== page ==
“The most clutch, practical app that I find myself telling people about all the time is HelloFax. Despite our increasingly mobile, digital life, the number of people requesting to print, sign and fax things to them is off the charts. HelloFax allows you to do all of that digitally with a quick uploaded signature (snapped on your phone, of course). Never mind sending a fax–it also assigns you a number for receiving them. It was nothing short of a life-changer. I actually found myself telling people to fax me, just because I could.”

Cindy Gallop: FlowDock


Cindy started up Bartle Bogle Hegarty New York in 1998 and in 2003 was named Advertising Woman of the Year. She is the founder of, enterprise marketing software that activates co-action programs for brands and their consumers. She also founded, launched at TED 2009, and recently launched in beta: “Pro-sex. Pro-porn. Pro-knowing the difference.” Managing a team from all over requires concise and intuitive software.

“I’d lead with Flowdock, because we all live on this all day–particularly useful given we are a team that remote works or, because we don’t have a formal office, can work together when our CTO is in one place programming and the rest of us are scattered about. It’s great for talking, sharing work in progress, seeing progress in Pivotal Tracker (also a fave), being able to react and address lightning-fast in real time, while also monitoring mentions of us in social media to respond.”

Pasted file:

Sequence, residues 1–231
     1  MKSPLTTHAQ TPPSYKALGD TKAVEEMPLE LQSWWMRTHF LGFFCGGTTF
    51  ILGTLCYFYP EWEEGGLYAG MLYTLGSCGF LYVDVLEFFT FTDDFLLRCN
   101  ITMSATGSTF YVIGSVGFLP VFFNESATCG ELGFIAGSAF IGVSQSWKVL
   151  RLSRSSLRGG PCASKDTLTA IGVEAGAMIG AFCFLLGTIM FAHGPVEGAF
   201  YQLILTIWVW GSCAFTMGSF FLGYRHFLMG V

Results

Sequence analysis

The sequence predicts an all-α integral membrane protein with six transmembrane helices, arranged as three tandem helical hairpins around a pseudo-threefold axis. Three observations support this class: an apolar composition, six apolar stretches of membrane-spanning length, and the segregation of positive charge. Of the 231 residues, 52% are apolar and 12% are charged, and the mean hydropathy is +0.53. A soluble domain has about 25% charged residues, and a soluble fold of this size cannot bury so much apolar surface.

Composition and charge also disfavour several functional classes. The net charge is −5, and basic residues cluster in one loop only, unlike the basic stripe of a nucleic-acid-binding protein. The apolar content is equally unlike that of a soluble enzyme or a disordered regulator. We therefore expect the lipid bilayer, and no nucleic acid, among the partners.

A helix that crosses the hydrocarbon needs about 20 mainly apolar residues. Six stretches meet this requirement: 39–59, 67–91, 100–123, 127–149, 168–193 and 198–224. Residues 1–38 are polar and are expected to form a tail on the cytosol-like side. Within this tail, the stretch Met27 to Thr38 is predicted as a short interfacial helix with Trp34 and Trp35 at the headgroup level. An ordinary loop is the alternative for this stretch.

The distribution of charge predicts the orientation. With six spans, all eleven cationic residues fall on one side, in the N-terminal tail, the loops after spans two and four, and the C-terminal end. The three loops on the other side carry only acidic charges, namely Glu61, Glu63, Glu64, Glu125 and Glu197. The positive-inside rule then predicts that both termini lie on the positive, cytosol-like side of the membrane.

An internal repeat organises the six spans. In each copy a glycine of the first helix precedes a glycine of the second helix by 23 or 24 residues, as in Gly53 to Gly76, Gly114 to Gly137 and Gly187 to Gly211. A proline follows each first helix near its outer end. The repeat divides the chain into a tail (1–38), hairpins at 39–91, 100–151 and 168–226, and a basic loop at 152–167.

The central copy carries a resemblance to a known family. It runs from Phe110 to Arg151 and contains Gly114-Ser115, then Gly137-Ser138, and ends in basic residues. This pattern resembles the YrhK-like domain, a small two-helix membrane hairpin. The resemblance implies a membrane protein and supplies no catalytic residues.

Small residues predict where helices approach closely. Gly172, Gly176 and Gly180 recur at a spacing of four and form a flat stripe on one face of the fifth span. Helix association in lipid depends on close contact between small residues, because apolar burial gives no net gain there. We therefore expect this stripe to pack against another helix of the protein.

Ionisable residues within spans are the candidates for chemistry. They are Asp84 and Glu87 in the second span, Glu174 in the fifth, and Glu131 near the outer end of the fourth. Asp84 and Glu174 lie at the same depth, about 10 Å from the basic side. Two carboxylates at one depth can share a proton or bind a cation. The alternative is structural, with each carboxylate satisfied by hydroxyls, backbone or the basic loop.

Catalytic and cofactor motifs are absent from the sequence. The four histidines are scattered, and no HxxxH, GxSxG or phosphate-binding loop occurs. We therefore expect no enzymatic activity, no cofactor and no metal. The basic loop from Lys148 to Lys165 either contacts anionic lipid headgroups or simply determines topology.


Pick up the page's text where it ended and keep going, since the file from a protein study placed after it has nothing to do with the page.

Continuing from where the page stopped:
Leslie Bradshaw: Everest


Leslie is the chief operating officer of, a Knight Foundation-backed newsreader. She also serves as a Fellow at the U.S. Chamber of Commerce, is a regular contributor at Forbes, is an advisor to Infoactive, and is a cofounder of her family’s Pinot Noir vineyard in Oregon’s Willamette Valley. For her impact on the technology industry, Leslie has been recognized by Fast Company as one of The Most Creative People in Business and by Inc. Magazine as a “Top 30 Entrepreneur Under 30.” Leslie uses the app Everest to reach her goals.

“I love Everest (female COO, too.) My twenties were about going wide and my thirties are going to be about going deep. Everest is helping me stay on track to write my first book, advise multiple startups, get on a board, get in crazy good shape, and still run my second company (”

Rebekah Iliff: SuperNote


As director of product for technology platform AirPR, Rebekah drives the strategic vision and spearheads efforts on the supply side of the business. Previously, she was the CEO of talkTECH Communications, one of the fastest growing, launch-only PR firms in the U.S. As cofounder of talkTECH, she created an industry-first methodology for emerging technology companies. When running a company, it’s easy to forget things if you don’t write them down, hence Rebekah’s love for SuperNote.

“My favorite app is SuperNote. It’s a productivity app with color coded categories for recordings, notes, and reminders. I use it constantly when I’m on the go, especially on flights which seems to be when I have lightbulb moments. Dirty little secret: I also like to write music so I sometimes use it to record songs that pop into my head at inopportune times.”

Kathryn Everett: GlobeConvert


Kathryn Everett is the chief operating officer of Artists for Peace and Justice, a non-profit organization committed to serving the poorest communities in Haiti through programs in education, healthcare, and job creation in local creative industries. Steeped in organizing and advocacy work, Kathryn began her career in politics, working for President Barack Obama and Senator Michael Bennet.